May 22, 2013 - Clarkston Community Schools and Clarkston State Bank (CSB) recognize excellence.
Fourth row from left, at top, are Clarkston scholars Trevor Neiderffer, Harrison Smith, Ben Helgeson, and Sean Johnson; third row, Talor Tekiele, Brooke Huisman, Kelsey Riemenschneider, Amanda Chamberlain, and Mitchell Johnson, second row, Samantha Gertz, Emily Popp, Lexi Wung, Adam Larkin, and Morgan Gibson; and front row, Kendra Mantz, Nicole Orminski, Eden Hartley, Lindsey Noble, and Estrellita Torres. Photo by Andrea Beaudoin (click for larger version)
A group of 30 top scholar students from Clarkston High School and Renaissance High School were honored at a Student Awards Breakfast at Deer Lake Athletic Club, May 7.
Students graduating from the 2013 class are chosen for the award based on school performance, extracurricular activity, integrity, leadership and good citizenship.
Superintendent Dr. Rod Rock, who served as featured speaker during event, commended students on all their hard work and the character it takes to be successful.
"These students are engaged, they are hard workers and they are ethical people," said Rock. "They make choices to do the right thing."
The breakfast, sponsored by the bank, included a full buffet of goodies from sausage and eggs to Danish pastries. Rock thanked CSB for their many contributions to the community throughout the years, including sponsoring the Student Awards Breakfast.
J. Grant Smith, President and CEO of CSB, kicked off the festivities, and later told students to make sure to thank their parents and families.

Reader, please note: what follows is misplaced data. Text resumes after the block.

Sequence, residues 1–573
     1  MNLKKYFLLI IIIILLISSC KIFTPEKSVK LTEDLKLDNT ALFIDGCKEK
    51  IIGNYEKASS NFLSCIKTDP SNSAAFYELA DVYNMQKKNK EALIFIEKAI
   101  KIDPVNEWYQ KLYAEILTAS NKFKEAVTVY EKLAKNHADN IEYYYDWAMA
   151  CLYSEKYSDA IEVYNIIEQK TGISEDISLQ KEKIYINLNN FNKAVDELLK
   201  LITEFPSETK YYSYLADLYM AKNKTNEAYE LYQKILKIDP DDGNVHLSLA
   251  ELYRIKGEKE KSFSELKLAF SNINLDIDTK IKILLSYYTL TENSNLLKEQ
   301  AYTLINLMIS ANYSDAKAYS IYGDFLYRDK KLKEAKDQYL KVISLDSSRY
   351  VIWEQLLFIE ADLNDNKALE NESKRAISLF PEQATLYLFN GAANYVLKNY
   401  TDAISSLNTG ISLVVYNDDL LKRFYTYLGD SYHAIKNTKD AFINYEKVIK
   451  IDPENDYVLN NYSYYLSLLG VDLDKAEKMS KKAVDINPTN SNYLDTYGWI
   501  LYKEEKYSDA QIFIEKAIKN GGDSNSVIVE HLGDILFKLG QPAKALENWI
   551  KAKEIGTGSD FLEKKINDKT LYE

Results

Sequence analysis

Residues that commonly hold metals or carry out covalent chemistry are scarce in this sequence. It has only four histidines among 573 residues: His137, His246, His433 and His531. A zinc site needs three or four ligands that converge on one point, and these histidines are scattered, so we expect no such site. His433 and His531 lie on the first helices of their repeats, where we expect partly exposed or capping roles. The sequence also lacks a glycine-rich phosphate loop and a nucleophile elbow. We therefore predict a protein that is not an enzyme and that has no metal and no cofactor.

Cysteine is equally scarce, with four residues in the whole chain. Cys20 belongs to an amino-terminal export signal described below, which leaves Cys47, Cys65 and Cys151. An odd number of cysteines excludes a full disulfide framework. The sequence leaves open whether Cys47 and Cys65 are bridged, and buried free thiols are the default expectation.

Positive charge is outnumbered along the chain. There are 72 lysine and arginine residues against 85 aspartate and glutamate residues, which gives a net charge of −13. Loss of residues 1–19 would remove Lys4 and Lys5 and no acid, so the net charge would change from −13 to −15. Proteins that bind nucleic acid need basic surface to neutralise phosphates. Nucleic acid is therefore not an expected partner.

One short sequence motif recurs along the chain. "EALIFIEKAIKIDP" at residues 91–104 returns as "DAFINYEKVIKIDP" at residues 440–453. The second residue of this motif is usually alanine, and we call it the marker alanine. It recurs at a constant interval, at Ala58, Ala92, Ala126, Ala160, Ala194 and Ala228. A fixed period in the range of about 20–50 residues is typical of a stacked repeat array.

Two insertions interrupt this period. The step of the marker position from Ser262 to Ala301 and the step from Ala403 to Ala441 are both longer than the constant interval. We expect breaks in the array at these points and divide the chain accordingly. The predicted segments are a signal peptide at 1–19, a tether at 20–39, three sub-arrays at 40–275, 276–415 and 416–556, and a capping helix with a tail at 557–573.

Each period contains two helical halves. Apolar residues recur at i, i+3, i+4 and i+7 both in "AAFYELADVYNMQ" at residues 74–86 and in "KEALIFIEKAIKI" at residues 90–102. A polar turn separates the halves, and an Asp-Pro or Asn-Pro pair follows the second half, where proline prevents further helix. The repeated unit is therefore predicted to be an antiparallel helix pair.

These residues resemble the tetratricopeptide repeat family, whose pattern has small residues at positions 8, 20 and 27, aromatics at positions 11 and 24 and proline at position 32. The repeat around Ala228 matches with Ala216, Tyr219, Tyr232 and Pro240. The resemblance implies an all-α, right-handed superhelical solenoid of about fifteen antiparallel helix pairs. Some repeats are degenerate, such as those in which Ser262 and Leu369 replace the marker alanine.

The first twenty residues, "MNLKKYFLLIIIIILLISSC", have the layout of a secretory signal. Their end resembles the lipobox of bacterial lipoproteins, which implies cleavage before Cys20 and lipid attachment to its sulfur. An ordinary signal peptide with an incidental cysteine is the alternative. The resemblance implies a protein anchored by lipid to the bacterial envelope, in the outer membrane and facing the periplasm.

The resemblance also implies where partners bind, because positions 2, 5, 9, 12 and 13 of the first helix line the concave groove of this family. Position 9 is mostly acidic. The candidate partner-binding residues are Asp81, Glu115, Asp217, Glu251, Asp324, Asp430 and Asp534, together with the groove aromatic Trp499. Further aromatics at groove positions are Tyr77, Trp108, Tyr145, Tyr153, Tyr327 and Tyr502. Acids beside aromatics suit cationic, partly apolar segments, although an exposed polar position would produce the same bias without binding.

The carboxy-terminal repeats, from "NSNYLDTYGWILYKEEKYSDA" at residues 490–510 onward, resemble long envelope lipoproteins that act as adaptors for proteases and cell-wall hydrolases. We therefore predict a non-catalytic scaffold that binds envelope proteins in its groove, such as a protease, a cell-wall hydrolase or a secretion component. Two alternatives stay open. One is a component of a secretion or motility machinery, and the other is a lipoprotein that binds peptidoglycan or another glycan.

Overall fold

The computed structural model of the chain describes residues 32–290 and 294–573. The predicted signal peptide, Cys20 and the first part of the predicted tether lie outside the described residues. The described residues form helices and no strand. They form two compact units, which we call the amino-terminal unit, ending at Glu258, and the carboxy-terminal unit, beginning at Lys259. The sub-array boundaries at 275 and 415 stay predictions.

"Tell them how much you love and appreciate them, thank them for helping you get where you are today," he said.
Sean Johnson said he appreciates his parents for keeping him on the ball over the years.
"My parents kept me motivated and kept pushing me," said Johnson, adding that he has worked hard to be a scholar and earn a spot at the awards breakfast. "I always did my homework and made sure to pay attention in class."
Johnson said he also hangs out with people, who like him, value education. Several of his friends were also named scholars this year.
"We push each other to do well," he said. "I wouldn't call it a competition, but it sort of is."
Several students related academic success to completing work on time and practicing good study habits.
Estrellita Torres said she struggled to get good grades last year, but this year she did better by learning how to study.
"This year I prioritized and always got my homework done," she said. "Learning good studying skills really helped me too."
Trevor Neideffer agreed with Torres, and said he is a scholar because he made sure to have good attendance, and worked hard to build good study habits. "I always moved at a consistent pace, and I built good study skills along the way," he said.
Students also introduced themselves and briefly commented on future education plans and career aspirations. A variety of careers were on their agenda from biomedical engineer to being a film major or a funeral director.
Harrison Smith he has a lot of friends going into engineering programs, but he has decided to go in a different direction and pursue a career in film because of his love for writing and arts.
Rock encouraged students to continue excelling in the academic world, to dream big, always seek out opportunities and challenges, to innovate and to make the world a better place.
"Even if you do well in school as you have, I hope you are always challenged," he said. "Make good decisions even though you may be around people making bad decisions."
Clarkston High School Principal Gary Kaul encouraged students to thank their parents for all the work they have contributed to get them to where they are today.
"Thank your parents," he said. "Your parents did whatever it took to get you through. Parents, your students are fantastic people."